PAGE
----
What was life like for children of political activists during the Troubles? Bill Rolston has collected together the stories of twenty Children of the Revolution whose parents' activities - and in may cases, imprisonment - had a significant affect on childhoods and life choices.
It's very possible to have lived in Northern Ireland for thirty or forty years and not really grasped the full gamut and heard the stories of what went on in other neighbourhoods and communities, "the direct voice of the children of combatants has barely been heard at all".
Rolston's interviews were conducted right across the political and paramilitary spectrum. There are many insights from the eyes of the children.
John Lyttle remembers his father Tommy (West Belfast UDA Brigadier) kneeling at the end of the bed for hours each night, "negotiating" rather than praying. As a child he doodled "blood and guts and helicopters and bombs" while his father and other activists sat in the kitchen chatting about their next target.
Living with terror in the house and the consequent threat on his own personal security left John feeling that he was "being offered up" and left him daily expecting to be killed as he went about his life as a teenager.
Dan McCann was in the IRA and shot along with two fellow volunteers by a British Army undercover squad in Gibraltar. His daughter expresses a disconnectedness to her father: "... although he's just a parent to me, to the outside world he's something different". She questions her father's selfish motivations: "You could have changed society forever, but no ... There's 1,001 things you could have done, but no, you had to choose the most risky".
She talks about the normality of Gerry Adams visiting the house, and the inappropriateness of other people commemorating her father's death with impersonal, bloodthirsty hoopla.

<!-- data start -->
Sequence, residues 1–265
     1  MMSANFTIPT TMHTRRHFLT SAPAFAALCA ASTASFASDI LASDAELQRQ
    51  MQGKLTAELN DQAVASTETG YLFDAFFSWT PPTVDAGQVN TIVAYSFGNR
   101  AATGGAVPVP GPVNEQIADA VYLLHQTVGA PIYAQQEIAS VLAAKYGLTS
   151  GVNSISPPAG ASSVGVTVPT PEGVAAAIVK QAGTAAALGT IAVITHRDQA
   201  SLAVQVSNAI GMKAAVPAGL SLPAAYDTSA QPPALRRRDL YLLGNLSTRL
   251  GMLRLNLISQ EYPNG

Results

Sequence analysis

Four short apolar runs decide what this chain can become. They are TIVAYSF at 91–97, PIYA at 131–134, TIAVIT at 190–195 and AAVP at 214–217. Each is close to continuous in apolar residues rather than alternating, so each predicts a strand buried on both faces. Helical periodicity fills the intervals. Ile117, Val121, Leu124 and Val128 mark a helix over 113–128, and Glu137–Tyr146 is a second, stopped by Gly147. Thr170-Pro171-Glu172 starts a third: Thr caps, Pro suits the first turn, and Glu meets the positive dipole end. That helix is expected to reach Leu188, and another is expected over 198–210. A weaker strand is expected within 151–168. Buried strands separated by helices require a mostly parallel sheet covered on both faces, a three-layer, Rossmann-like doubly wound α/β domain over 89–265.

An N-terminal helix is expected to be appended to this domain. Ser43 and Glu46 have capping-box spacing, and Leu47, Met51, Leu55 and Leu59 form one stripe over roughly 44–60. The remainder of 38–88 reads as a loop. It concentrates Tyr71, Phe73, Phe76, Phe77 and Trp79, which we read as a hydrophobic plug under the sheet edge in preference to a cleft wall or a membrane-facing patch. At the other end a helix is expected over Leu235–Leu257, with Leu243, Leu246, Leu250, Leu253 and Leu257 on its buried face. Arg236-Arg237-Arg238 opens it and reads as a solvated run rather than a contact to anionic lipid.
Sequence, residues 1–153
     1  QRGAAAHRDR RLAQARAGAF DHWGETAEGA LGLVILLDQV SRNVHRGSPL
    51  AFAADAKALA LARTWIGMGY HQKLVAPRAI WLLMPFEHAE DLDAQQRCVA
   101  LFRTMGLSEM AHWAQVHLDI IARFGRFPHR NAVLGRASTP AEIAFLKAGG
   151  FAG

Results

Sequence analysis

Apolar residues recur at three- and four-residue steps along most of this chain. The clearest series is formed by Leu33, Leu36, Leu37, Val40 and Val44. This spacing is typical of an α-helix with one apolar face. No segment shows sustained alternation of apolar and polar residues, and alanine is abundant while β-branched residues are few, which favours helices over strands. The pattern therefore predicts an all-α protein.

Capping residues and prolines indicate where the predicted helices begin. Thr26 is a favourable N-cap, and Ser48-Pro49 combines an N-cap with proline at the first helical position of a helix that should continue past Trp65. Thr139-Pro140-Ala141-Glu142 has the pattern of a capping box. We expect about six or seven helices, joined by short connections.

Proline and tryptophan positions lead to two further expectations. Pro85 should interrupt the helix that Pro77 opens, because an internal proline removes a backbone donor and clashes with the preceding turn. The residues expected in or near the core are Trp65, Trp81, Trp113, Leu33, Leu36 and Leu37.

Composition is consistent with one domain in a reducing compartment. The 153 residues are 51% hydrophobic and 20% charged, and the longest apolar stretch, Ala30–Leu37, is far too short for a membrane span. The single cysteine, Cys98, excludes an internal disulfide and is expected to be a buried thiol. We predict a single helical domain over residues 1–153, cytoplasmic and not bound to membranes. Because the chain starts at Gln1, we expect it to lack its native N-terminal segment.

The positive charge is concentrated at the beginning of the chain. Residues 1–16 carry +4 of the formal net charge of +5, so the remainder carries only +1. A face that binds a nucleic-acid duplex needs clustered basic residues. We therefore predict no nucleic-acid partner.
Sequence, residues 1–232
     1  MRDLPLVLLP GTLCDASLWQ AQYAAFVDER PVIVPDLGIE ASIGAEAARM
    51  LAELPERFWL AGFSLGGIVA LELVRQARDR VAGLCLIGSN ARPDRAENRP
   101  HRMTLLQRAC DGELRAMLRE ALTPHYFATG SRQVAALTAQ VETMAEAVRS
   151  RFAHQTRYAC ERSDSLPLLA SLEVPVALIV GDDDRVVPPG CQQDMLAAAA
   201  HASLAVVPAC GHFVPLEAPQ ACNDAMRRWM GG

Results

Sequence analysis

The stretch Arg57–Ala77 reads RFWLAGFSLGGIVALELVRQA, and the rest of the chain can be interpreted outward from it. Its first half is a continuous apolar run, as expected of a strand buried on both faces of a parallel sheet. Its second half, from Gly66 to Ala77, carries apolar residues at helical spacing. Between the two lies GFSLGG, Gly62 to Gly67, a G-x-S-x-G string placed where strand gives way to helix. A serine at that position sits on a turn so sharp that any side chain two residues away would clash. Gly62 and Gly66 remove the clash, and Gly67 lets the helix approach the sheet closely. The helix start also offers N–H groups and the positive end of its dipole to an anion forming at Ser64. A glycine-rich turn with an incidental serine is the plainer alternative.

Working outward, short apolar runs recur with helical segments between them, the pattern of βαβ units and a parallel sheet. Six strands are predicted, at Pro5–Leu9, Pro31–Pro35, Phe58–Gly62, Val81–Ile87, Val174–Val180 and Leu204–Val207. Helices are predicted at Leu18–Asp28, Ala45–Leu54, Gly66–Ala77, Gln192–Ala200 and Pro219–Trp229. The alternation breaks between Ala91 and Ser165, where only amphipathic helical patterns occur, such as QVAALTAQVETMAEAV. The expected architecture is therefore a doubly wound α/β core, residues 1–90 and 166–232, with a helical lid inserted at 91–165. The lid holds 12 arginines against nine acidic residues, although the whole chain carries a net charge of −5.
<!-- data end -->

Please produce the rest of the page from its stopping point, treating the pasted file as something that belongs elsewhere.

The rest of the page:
Many interviewees express dissatisfaction that one of their parents (usually their father) put the 'struggle' above family life. Many describe regular and at times brutal police raids on their homes, some explaining that these experiences were their earliest memories.
Sometimes terror visited their homes too. Fiona Bunting recalls the night her parents were shot. She talks in the book about coming out of her bedroom and seeing her mum "lying in a big pool of blood" and having to step over her dead father to get down the stairs.
Children also describe unglamorous trips to prison, sometimes involving long and expensive travel, and often with more sense of duty love. Some talk about their own imprisonment, one even ending up sharing a cell with his father.
Stories of children appalled by their parent's actions. Stories of children who followed their parents into paramilitary activity. Stories of children who are proud of their parents. Stories of children who haven't yet asked too much about the detail of what parents got up to.
Jeanette Keenan (daughter of IRA quartermaster general Brian Keenan) sums up the themes in the book well when she says:
"We have a generation, two generations, of children who were directly affected by the way and by parents not being there, being away in prison and parents who now can't come to terms with being out. And lots of parent and their children who can't talk about how they feel or cope with their feelings, and this affects their relationships now."
The book is a warning to parents - even those outside the world of conflict - that their occupations and priorities may have long-lasting effects on their children. And an insight into how a significant group of people in Northern Ireland society resiliently cope with the aftermath of their parents.
I'm sure these kind of stories can be told about conflicts throughout history and right around the world. But when it's on your own doorstep, it's disturbing.